Trump delegated the task to a do-nothing Congress and when they (predictably) failed he shrugged, gave up, and moved on to the next shiny object.

      • amainah

        You must have written this before the recent house vote. Shiny objects are only for the distraction of the media. Every one is attracted to them and focuses on them while things are getting done/undone behind the scenes while many others are concentrating on the shiny object.

        I’m not sure how many months Obama “worked” on the ACA but he sure got it wrong when he announced “If you like your doctor—-” well, you know the rest. He didn’t really know any more about how it would work than Pelosi did when she said “we have to pass it to see what’s in it”. What’s changed? It still will be a government run fiasco (as usual with them).

        • truther

          I have yet to see a reasoned defense of the bill the House passed the other day. The American College of Physicians, for example, warns that it would cause “catastrophic harm.”

          The closest thing I’ve seen is a Fox News contributor, and doctor, writing in the NY Times who essentially blamed Obamacare for allowing him to bill his insured patients for frivolous and unnecessary services.

          If Goldman Sachs called a proposed tax reform package “catastrophic,” would it have any chance of passing? If the coal industry called a proposed environmental regulation “catastrophic,” what would happen to it?

          The only difference, here, is that the Republicans controlling Congress, and their supporters around the country, think they will make more money for themselves if this became law than they do under the ACA. They do not care about patient health, efficient services, good health care, or any of that nonsense that affects the little people. Sick people are losers. Don’t ever think otherwise.

          • amainah

            The physicians don’t want to lose their guaranteed paycheck any more than coal miners and their industry want to lose theirs.

            You’re right about who is in control politically but once these issues enter the realm of politics all bets are off. I have seen first hand where physicians billed my wife’s Medicare for services that were not performed. She didn’t have to pay but the insurance company would have if she hadn’t alerted them.

            Health care has become a political football except no one will really know who wins. Both sides will claim victory while the rest of us “unwashed” get to watch the show and squabble about things over which we have no control. If the government would quit messing around with healthcare and let it revert to us as individuals to determine for ourselves what is best we all would get along together just fine.

  • Queenie42

    Trump fits the description of someone with malignant narcissism, which is characterized by grandiosity, a need for admiration, sadism, and a tendency towards unrealistic fantasies. In other words, he is just plain nuts. And he is ill-informed and a liar.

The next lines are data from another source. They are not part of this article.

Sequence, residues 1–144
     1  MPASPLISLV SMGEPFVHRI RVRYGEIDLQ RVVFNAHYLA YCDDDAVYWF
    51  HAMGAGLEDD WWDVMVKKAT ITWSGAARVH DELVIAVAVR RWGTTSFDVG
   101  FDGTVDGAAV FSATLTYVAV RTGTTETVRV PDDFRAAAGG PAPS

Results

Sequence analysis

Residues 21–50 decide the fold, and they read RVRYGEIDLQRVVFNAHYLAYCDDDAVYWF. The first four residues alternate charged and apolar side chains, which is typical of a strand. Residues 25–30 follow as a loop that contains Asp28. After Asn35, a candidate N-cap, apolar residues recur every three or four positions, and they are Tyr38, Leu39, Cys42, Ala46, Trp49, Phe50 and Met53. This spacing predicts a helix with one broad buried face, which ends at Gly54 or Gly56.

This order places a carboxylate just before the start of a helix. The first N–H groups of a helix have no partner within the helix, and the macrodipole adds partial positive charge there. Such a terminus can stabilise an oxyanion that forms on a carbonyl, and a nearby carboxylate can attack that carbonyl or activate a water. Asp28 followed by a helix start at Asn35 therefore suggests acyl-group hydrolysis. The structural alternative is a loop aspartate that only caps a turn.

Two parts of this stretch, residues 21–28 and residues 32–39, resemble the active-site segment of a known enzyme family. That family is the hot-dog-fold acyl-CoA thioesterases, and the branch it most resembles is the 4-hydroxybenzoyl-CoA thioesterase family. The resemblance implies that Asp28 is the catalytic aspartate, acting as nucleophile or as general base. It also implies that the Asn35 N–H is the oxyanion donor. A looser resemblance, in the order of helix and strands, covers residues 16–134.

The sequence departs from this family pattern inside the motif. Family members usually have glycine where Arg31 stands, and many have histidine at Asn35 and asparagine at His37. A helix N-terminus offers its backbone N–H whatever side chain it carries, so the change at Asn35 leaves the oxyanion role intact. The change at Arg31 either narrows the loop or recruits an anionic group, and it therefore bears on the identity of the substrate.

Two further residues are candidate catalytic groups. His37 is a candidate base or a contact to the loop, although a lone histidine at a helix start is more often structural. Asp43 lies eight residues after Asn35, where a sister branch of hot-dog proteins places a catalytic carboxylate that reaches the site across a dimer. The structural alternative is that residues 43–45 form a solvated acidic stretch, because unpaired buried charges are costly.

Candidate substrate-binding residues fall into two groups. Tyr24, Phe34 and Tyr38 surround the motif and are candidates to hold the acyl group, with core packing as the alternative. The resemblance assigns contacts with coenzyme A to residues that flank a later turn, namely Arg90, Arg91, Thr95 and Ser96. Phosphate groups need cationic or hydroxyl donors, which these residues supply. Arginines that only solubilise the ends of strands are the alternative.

During his campaign he asked, “If we have nuclear bombs, why can’t we use them?”
    He has the nuclear bomb codes. He is so twisted and thin-skinned that he could go off his nut at any time he wants to destroy everything out of revenge.
    And we are supposed to chill out?
    That’s just plain nuts, too.

    Resist.

    • Charles Martel

      Trump could go off his nut after 8 years of the globalist, Marxist, Muslim sympathizer in the WH? Get a grip!

  • Chew H Bird

    “We’re too tied to China economically for them to be a real enemy.” Really? If a situation occurred would you really want to square off with our banker? The lack of understanding in this editorial, in my opinion, is unbelievable.

  • mainereason

    Ah yes more helpful wisdom from our local Trump-puppeteer. If the news is too overwhelming just “tune it out” because again complicated issues are just…. well….too complex. Corporate taxes being slashed again (proposed) after two horribly failed experiments with the same in the good news column? Perhaps for someone who found Black Monday “compelling” and the Savings and Loan scandal “tittilating”, but for those of us in the real world slashing government revenue in the hopes that the Trumps of the world and corporations bound by their shareholders to maximize profit will will create more jobs with their new found wealth is asinine. Trickle-down does not work because there are too many sponges on top.

    As for journalists being “fortune tellers” I would hope that the purpose of good journalism is to discuss the potential impacts of major changes to national policy–like health care, like building a billions dollar wall along our border, and proposing the greatest increase in military spending during my lifetime (especially at a time when the writer acknowledges that we have no enemies–other than the bears we keep poking).

    Just “Tune it Out?”–Thanks John. Instead I will count my blessings that I live in an open democracy where dissent is a founding principle and not one that as our President hopes, is one to marginalize by changing voting rules in the Senate and silencing critics and opposing views.

    • amainah

      Many of feel that the “sponges on top” are in DC.